There are many passages in the book of hip-hop and when it’s all said and done, it’ll be interesting whether Lupe Fiasco gets his own chapter or just a couple paragraphs. That said, the words written about Food and Liquor will be quite extensive.
Lu’s debut album had the weight of the world on its shoulders and managed to carry every single pound with the ease of Atlas. Today marks the 10 year anniversary — yes, 10 — of the landmark album and to celebrate, Fiasco did something directors and actors have been doing for years: a commentary track entitled “10 Yurrs Layda.”
Ever the honest cat, Lu starts by admitting there’s a lot he doesn’t remember but he’s going to do the best he can. 10 years is a long time but as I’ve said before, Hip-Hop years are like dog years, so 10 may as well be 70. So much has changed in the game and for him since September 19, 2006, it’s a wonder he can remember where he was yesterday much less 10 years ago. However, your first time is always special.
“It was such an interesting time in my life and I kinda got sidetracked twice with this album,” Lupe said. “The first sidetrack was when it got leaked two-and-a-half months before and it kinda took the wind out of my sails.”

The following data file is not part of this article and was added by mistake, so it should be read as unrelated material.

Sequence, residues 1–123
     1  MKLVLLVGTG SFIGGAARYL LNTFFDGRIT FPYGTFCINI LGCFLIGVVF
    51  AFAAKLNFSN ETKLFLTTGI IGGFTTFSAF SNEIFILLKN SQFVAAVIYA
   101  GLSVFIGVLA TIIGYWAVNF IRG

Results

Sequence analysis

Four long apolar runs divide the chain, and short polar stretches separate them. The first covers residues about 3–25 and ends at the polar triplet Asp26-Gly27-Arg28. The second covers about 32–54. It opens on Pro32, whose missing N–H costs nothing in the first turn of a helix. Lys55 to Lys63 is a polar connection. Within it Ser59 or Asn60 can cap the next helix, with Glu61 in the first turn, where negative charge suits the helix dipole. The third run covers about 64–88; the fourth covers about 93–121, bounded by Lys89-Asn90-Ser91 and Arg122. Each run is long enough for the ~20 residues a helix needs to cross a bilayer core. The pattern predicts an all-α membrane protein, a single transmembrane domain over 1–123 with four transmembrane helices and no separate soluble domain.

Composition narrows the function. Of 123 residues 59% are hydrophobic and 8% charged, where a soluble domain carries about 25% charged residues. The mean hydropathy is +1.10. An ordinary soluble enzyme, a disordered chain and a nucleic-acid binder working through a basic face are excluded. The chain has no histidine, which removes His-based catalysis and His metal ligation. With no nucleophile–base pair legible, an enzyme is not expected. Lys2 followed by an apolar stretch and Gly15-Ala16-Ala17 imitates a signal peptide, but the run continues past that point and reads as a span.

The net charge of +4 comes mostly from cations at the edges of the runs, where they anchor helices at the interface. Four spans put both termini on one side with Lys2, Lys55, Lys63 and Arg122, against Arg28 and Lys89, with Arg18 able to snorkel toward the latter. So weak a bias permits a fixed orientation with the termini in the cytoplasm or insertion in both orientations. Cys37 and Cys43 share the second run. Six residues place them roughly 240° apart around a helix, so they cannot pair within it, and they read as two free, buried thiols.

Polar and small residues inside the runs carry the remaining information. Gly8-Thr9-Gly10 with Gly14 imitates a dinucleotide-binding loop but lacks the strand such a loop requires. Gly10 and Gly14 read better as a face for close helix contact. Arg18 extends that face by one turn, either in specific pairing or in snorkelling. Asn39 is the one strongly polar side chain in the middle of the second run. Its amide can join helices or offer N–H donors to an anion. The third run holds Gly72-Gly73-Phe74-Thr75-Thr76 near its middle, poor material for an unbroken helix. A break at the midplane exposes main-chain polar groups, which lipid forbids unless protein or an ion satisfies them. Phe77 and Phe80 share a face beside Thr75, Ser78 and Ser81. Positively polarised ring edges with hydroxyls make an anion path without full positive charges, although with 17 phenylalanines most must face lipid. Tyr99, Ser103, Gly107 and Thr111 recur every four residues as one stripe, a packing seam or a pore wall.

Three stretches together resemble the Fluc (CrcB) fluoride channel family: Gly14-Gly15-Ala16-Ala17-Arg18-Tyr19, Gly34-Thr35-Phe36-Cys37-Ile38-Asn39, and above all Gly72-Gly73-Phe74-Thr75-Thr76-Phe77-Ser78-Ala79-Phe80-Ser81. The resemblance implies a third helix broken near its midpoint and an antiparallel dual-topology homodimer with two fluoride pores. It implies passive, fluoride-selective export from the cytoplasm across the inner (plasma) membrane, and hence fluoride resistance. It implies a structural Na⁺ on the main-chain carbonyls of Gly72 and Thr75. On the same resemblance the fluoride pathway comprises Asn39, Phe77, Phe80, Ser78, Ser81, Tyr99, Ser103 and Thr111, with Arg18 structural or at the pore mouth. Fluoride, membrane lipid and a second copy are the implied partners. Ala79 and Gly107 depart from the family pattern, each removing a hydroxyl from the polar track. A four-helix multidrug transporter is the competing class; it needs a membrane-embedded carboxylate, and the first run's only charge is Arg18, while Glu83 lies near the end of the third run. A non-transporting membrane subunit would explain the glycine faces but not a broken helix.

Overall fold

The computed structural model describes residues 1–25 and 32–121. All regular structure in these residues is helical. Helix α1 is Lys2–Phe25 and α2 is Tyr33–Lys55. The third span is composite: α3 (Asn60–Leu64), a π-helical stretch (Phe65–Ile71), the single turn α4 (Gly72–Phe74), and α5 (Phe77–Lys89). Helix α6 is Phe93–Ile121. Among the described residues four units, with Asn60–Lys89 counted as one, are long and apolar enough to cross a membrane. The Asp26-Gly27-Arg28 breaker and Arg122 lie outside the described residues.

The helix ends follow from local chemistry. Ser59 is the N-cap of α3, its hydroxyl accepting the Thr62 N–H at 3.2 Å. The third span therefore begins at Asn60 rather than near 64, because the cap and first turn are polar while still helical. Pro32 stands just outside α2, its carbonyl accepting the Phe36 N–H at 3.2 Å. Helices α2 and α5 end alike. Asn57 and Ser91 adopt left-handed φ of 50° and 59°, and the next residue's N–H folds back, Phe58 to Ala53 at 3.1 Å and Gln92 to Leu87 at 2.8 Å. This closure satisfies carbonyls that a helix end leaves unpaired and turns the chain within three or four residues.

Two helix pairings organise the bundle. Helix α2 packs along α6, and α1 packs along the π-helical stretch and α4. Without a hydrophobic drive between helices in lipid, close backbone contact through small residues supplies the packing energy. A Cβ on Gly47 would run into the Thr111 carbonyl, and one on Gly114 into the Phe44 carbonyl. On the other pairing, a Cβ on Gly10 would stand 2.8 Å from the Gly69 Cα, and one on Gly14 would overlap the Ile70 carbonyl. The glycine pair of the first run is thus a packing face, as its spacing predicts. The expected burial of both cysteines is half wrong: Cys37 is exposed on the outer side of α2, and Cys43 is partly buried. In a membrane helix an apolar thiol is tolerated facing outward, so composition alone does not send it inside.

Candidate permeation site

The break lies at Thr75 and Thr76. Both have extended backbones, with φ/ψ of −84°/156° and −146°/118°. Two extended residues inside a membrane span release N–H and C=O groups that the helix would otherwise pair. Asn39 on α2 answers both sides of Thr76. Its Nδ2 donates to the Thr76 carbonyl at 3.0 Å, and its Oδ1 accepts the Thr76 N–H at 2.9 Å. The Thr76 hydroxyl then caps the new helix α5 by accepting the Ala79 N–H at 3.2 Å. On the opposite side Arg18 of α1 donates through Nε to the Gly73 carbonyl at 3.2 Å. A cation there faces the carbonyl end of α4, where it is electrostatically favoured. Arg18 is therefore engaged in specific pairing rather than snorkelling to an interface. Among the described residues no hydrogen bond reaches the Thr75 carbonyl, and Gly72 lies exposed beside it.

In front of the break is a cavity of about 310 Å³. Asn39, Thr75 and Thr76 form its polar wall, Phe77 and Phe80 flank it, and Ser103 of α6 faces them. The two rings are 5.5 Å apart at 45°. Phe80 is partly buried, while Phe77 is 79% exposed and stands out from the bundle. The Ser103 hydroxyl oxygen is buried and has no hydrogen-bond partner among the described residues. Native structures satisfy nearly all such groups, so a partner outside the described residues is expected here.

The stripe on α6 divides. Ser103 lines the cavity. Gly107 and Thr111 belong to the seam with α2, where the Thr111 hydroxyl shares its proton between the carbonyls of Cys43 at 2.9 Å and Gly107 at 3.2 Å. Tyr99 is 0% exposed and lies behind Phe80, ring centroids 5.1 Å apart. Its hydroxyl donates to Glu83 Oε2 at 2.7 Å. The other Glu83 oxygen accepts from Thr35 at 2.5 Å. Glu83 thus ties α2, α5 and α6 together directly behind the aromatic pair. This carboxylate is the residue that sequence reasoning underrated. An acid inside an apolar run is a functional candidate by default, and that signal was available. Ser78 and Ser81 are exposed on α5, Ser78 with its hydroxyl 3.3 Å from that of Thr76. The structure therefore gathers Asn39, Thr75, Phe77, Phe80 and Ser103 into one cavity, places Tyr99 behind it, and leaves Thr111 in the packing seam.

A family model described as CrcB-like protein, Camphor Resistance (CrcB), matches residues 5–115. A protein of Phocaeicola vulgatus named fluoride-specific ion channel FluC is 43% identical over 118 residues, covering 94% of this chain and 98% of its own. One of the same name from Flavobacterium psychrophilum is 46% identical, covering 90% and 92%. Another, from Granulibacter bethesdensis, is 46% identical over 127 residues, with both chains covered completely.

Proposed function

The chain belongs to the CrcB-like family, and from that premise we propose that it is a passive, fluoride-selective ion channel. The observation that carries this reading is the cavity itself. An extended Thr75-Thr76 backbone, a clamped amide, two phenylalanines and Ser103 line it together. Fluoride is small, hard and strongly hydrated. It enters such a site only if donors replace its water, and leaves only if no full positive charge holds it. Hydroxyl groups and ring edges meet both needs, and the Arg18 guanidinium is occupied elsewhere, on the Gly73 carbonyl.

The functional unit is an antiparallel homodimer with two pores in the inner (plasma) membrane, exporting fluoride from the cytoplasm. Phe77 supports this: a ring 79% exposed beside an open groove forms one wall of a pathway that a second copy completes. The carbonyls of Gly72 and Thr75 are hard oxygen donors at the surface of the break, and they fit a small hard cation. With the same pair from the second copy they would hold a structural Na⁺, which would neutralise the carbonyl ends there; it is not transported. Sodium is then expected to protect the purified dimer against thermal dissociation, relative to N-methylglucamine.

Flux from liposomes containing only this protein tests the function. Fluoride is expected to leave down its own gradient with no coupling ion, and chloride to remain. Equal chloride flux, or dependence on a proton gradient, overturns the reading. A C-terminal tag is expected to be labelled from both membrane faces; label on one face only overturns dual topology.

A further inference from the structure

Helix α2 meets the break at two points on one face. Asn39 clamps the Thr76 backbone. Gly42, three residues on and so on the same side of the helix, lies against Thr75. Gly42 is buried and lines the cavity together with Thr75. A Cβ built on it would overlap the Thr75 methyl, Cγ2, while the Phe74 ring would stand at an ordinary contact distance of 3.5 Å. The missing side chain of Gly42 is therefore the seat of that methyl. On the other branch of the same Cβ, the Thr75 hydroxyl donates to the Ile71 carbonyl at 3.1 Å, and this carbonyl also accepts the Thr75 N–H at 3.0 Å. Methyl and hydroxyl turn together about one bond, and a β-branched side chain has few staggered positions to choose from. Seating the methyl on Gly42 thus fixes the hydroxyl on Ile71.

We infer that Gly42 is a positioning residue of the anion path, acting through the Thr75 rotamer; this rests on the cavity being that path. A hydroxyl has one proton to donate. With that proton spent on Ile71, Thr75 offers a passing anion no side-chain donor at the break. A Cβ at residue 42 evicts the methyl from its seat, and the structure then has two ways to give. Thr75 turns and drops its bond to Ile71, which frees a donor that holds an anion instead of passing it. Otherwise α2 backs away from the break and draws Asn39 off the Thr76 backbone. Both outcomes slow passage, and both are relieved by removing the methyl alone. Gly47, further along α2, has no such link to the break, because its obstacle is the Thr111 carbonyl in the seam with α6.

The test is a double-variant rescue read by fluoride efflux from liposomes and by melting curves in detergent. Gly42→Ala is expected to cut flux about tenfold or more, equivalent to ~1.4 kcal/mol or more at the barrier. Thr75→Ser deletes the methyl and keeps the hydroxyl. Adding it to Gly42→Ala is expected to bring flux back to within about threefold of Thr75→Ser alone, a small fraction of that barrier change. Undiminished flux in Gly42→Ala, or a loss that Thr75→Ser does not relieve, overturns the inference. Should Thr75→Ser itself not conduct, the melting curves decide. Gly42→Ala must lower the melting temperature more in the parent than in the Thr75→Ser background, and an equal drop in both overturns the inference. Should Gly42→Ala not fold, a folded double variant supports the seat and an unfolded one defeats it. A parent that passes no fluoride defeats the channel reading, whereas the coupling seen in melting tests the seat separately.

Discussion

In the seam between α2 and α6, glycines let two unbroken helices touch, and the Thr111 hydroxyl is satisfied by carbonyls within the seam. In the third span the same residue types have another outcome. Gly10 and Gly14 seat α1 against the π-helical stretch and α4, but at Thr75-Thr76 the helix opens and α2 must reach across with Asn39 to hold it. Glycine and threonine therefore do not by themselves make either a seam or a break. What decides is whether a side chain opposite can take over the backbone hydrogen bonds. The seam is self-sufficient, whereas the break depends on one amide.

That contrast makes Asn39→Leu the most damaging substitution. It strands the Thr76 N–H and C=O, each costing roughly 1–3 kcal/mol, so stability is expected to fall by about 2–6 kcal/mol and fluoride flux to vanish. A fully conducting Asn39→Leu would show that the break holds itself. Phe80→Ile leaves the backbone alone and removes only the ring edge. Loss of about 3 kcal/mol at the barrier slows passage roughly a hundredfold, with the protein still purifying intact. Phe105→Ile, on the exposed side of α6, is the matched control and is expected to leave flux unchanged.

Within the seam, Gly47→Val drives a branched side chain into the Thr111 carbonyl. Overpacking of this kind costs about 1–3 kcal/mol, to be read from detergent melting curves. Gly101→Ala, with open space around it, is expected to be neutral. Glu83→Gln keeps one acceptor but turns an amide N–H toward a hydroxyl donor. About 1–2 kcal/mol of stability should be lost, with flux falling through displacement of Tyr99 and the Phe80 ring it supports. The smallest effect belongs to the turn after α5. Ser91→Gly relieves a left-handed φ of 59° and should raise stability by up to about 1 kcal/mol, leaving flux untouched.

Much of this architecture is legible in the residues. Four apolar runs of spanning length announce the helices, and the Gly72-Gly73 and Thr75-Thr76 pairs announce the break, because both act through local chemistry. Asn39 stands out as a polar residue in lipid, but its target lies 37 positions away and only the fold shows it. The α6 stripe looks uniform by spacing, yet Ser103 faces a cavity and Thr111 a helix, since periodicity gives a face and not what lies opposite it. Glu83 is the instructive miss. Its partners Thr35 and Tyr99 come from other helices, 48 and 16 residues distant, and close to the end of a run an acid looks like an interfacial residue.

He says there were multiple versions of the album but hints that the bootleg was the original final version. That had to have been the biggest pain in even the largest of asses as it put him back in the lab to record in a rush in order to change the album and meet the unchanged release date.
One casualty of having to meet deadlines are the songs that didn’t make the cut, like a song he did with Three 6 Mafia.
“When I look at this, it’s funny how much stuff is missing,” he explained. “We did a joint with Triple Six Mafia that didn’t make it because they sold the beat to, at the time was, the Playaz Circle.”
Lupe Fiasco and Three 6 Mafia on the same track during that time would’ve been insane. Especially since the marketing overlords told us who Lu was and what he represented and doing a song with them seemed to be the antithesis of that image. I’m not sure how it would’ve altered the album but I’d love to hear it.
Lupe talks at length about the album cover, his own expectations, the album’s impact, and that alternate versions to different tracks including an “I Gotcha” without Pharrell and several versions of “The Cool.”
No pun intended, but this is really cool. With artists able to speak directly to their fans now and release any type of audio dope whenever they want, this type of supplemental material should be done more often. Sticking just with Lu, imagine the commentary he could give on The Cool next year as it celebrates its 10 year anniversary. More landmark albums are coming up on important dates and for a cats who don’t do a lot of interviews — like him — this is a perfect way to make sure we never forget greatness in a world that seemingly can’t remember what happened 10 minutes ago.